Trump and Abe tee off amid US-Japan trade tensions
U.S. President Donald Trump, left, is welcomed by Japanese Prime Minister Shinzo Abe upon arrival for playing a round of golf at Mobara Country Club in Mobara, south of Tokyo, Sunday, May 26, 2019. (Kimimasa Mayama/Pool Photo via AP)
Darlene Superville And Jill Colvin, The Associated Press
Published Saturday, May 25, 2019 7:02AM EDT
Last Updated Saturday, May 25, 2019 10:24PM EDT
MOBARA, Japan -- Golf never seems to be far behind whenever President Donald Trump and Japanese Prime Minister Shinzo Abe get together.
So on Sunday, during a four-day state visit to Japan, the president jumped aboard Marine One in Tokyo and flew south to the Mobara Country Club for a steamy morning round with the Japanese leader.
Abe is Trump's closest friend among world leaders and it's the fifth time they played golf together since Trump took office. Abe's strategy is to keep his country out of Trump's crosshairs amid U.S.-Japan trade tensions and the continued threat North Korea poses to both nations.
Later in the day, Abe will introduce Trump to Japan's ancient sport of sumo wrestling. The president will sit ringside at a championship match in Tokyo featuring the oversized athletes. He'll also present the winner with his own "President's Cup" trophy.
A motorcade of golf carts ferried Abe to meet Trump. They exchanged a warm handshake and patted each other on the forearms and posed for a throng of journalists. Abe wore white pants and a dark blue sport coat. Trump wore a red half-zip pullover with a white shirt and dark pants.
Trump tweeted that he was "Going to play golf right now with ↕AbeShinzo. Japan loves the game. Tremendous fans of ↕JackNicklaus, ↕TigerWoods, and ↕PhilMickelson." All three are famous American golfers. Trump said he asked about South African professional golf Gary Play and "they said we love Gary too!"
Abe told reporters as he left for the country club that Sunday's weather was great for golf and "it seems we are in a good mood for sumo."
Neither leader spoke at the club before they climbed into a golf cart with Abe at the wheel. Trump ignored a shouted question from a U.S. reporter about whether he believed North Korea had violated U.N. Security Council resolutions.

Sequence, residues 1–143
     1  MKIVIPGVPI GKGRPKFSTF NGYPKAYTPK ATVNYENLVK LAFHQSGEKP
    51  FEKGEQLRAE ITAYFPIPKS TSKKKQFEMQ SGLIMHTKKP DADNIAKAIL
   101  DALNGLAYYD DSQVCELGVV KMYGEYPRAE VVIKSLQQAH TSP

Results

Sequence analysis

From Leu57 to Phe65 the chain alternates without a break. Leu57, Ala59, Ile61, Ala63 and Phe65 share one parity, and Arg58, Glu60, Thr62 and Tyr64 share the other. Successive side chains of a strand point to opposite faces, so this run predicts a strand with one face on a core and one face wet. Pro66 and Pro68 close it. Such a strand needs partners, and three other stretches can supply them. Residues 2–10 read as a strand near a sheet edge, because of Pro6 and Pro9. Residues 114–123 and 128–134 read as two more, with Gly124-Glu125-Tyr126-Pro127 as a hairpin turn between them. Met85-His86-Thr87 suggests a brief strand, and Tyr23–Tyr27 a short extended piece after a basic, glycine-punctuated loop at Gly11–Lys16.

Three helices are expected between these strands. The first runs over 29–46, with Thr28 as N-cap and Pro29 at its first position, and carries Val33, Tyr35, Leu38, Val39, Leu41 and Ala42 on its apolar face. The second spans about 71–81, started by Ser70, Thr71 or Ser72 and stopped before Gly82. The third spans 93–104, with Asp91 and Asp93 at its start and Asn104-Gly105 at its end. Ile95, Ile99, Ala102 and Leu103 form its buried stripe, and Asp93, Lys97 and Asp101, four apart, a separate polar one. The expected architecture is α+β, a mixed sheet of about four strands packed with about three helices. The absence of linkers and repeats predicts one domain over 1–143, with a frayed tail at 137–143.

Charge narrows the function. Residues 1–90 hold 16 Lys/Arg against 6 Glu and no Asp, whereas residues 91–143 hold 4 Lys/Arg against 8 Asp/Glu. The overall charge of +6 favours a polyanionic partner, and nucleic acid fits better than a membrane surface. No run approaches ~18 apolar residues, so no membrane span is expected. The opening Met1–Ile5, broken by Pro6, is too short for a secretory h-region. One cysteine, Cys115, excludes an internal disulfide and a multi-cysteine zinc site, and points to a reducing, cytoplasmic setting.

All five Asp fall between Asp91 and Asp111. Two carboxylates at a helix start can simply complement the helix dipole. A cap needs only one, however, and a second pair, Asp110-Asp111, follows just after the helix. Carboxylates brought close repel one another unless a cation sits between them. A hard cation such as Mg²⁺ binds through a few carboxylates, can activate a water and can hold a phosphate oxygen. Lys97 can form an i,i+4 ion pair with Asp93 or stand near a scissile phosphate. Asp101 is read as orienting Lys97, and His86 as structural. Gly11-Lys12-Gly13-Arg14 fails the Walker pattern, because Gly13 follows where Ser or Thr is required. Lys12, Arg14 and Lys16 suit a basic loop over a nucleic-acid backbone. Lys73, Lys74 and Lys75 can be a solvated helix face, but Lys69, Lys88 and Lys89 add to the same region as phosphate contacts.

Earlier Trump downplayed North Korea's recent series of short-range missile tests. He tweeted that the tests weren't a concern for him -- even though they are for Japan.
"North Korea fired off some small weapons, which disturbed some of my people, and others, but not me," Trump wrote in a message that appeared to contradict his national security adviser, John Bolton, who told reporters Saturday the tests violated U.N. Security Council resolutions.
Trump said he "has confidence" that North Korean leader Kim Jong Un "will keep his promise to me.
The president also sought to manage expectations that he and Abe will make significant headway on trade issues when they hold formal talks on Monday. Trump has been seeking a bilateral trade agreement with Tokyo since he pulled the U.S. out of the multinational Trans-Pacific Partnership trade agreement two years ago, though analysts expect no breakthroughs during Trump's visit.
Fox News Channel's White House Correspondent John Roberts tweeted that Trump telephoned him Sunday morning in Tokyo and told Roberts that he intended to wait until after Japan's parliamentary elections in July to push for a deal.
Trump had told business leaders after arriving in Tokyo on Saturday evening that the U.S. and Japan were "hard at work" negotiating a new bilateral trade agreement that he said would benefit both countries.
"With this deal we hope to address the trade imbalance, remove barriers to United States exports, and ensure fairness and reciprocity in our relationship. And we're getting closer," he said.
The Trump administration has been threatening Japan with new tariffs on imports of autos and auto parts on national security grounds. Trump has suggested he will impose tariffs if the U.S. can't wrest concessions from Japan and the European Union. In April Japan's trade surplus surged almost 18% to 723 billion yen ($6.6 billion).
Trump also embraced Kim's verbal attack on Joe Biden, one of Trump's Democratic presidential rivals. Trump misspelled Biden's name in a tweet in which he said he "smiled" when Kim "called Swampman Joe Bidan a low IQ individual, & worse. Perhaps that's sending me a signal?"
After Biden called Kim a tyrant during a recent speech, North Korea labeled Biden a "fool of low IQ" and an "imbecile bereft of elementary quality as a human being"